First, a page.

- 2.) While the overall world of Thief may be large, individual areas are tiny and claustrophobic requiring lots of loading when moving from place to place, and added to the murky, bland look of The City, I didn’t enjoy the spaces created for me to play in.

- 1.) I found Garrett to be devoid of personality and an unlikable character. Combined with the other generic characters and a lame plot that hinges on an unexplained supernatural movement in The City, the world of Thief held little interest for me.

Least Favourite Moments

Unfortunately there are a lot of ‘least favourite moments’ for me in Thief, but hearing the same lines of dialogue repeated dozens of times by different guards and citizens around the city was consistently the most grating, which wasn’t helped by a multitude of audio problems that meant I could hear these utterances through walls and clear across a level.

Awkward moments related to randomly selected dialogue was also pretty bizarre to see, with one woman screaming (ostensibly to a crowd, but it was one person) about the ill of the city, before shifting into a non-sequitur about needing to sleep.


Thief Launch Trailer


What’s Extra?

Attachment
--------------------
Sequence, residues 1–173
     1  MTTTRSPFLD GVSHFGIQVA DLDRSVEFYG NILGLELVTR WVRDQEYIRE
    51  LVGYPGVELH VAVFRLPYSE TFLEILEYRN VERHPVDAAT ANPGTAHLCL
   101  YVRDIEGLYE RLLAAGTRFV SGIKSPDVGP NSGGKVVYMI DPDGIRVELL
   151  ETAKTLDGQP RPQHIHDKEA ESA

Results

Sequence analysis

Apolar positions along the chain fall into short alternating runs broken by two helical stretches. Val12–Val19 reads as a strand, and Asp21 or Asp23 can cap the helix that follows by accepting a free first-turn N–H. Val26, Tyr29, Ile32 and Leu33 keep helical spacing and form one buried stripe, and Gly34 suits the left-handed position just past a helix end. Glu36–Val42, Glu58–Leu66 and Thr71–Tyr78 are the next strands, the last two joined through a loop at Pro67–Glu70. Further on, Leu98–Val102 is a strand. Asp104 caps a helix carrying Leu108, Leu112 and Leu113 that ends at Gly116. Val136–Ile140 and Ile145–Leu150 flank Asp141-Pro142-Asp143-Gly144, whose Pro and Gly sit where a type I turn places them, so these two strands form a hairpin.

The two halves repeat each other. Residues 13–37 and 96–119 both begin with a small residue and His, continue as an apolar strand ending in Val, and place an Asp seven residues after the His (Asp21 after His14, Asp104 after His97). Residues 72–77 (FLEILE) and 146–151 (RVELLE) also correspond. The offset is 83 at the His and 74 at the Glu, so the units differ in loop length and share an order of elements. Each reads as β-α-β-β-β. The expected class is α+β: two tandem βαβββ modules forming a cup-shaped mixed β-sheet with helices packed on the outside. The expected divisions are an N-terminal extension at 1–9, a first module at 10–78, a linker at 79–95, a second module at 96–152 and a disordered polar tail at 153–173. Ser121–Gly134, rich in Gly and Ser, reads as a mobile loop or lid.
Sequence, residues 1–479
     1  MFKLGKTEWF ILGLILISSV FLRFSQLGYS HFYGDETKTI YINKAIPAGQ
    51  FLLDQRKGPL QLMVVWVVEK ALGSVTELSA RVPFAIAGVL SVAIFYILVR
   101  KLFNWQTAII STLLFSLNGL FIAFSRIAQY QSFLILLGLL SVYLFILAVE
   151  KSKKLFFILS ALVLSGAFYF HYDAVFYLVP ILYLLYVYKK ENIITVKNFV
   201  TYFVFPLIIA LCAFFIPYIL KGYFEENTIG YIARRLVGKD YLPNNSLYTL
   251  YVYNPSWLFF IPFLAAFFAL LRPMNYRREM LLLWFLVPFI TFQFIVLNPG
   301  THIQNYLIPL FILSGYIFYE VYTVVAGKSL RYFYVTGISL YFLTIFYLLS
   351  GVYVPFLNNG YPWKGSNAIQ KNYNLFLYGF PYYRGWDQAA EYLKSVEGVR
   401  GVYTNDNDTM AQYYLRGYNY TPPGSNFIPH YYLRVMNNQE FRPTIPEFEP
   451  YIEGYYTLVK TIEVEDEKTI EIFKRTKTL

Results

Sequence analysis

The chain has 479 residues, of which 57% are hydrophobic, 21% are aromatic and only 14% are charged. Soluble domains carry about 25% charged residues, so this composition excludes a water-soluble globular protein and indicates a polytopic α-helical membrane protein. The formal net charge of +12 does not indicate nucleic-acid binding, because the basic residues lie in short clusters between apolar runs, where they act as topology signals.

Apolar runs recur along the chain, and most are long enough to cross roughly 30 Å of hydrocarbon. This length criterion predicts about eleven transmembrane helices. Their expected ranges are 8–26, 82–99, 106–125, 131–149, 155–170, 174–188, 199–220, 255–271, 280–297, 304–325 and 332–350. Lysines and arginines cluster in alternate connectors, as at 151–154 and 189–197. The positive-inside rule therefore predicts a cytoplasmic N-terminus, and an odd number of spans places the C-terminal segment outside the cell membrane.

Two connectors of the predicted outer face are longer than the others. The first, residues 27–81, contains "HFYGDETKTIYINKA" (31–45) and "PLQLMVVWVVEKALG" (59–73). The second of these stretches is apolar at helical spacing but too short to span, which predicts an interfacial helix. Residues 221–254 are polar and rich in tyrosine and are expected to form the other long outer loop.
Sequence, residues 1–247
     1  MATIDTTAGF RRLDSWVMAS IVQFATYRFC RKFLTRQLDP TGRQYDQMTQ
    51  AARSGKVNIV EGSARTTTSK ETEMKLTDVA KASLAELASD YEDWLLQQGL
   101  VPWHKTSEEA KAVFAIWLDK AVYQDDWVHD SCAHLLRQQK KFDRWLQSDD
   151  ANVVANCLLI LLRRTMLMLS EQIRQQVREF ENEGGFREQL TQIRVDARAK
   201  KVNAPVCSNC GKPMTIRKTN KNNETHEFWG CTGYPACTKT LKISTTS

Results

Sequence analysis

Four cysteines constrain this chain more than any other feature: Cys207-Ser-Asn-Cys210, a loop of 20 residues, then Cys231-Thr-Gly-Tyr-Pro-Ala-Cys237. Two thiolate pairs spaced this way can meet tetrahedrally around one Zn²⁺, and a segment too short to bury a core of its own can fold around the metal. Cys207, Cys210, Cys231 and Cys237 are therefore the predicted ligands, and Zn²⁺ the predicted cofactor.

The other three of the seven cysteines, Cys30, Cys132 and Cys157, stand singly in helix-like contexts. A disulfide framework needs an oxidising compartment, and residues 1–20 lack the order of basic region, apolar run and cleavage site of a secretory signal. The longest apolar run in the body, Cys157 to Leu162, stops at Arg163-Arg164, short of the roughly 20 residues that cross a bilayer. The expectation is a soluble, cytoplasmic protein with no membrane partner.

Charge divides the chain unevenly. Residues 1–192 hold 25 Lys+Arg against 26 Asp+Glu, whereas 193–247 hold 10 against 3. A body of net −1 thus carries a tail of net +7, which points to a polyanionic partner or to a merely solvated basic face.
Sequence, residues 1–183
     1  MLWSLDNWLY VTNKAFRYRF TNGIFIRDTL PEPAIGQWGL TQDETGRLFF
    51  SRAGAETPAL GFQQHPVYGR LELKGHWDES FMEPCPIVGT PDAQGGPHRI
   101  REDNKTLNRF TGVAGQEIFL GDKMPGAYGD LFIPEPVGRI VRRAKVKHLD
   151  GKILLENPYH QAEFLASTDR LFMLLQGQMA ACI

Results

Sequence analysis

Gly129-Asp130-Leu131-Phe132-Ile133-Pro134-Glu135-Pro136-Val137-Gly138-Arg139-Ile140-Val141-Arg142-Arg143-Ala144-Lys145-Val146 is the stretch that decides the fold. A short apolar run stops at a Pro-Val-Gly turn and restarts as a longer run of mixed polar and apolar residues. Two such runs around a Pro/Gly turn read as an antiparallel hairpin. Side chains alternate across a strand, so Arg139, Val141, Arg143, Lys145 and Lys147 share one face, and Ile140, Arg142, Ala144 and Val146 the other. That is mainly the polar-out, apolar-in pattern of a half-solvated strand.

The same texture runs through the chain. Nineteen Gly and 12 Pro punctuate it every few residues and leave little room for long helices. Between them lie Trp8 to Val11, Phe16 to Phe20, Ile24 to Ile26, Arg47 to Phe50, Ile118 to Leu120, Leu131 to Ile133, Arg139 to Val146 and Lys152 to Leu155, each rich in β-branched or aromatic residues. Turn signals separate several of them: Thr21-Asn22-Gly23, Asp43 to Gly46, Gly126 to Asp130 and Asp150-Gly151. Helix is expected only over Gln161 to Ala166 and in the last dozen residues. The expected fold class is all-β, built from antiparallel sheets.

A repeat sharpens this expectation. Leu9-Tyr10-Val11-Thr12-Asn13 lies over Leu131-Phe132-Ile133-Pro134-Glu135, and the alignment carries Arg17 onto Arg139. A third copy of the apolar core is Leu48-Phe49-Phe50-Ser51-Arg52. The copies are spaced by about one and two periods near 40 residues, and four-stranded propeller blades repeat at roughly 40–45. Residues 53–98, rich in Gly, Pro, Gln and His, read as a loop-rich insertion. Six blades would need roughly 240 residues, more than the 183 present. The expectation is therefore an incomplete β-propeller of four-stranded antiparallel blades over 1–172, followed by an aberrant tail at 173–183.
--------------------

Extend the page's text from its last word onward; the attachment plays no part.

At the end of every mission, Thief encourages you to replay the level by showing you statistics breaking down your actions, including how many guards you engaged with, how many special items and regular loot items you collected, and whether or not you were more aggressive or stealthy – replaying a mission will let you improve your performance.

There are also lots of special treasure items scattered around the game both in the main story path and in non-compulsory side quests, so if you’re a completionist you’ll want to investigate every window and door you can pry open (after a little Quick Time Event, of course).

The customisable difficulty settings will also make going through the campaign a more enticing proposition with the option to turn off checkpoints and manual saves, or forcing mission insta-fails if you’re caught – every option you toggle has a set number of points associated with it and you can post your high scores to an online leaderboard. You can also make things more difficult for yourself by toggling user interface graphics off, like waypoints, hints, the mini-map and the ‘Light Gem’ showing if you’re hidden in shadow or not.

The Bottom Line

Thief unfortunately proves the naysayers and series purists right – while trying to please franchise fans and create a game for 2014 audiences at the same time, Eidos Montreal has delivered a limited and flawed vision of what a modern-day Thief game could be.


Thief was reviewed on PlayStation 4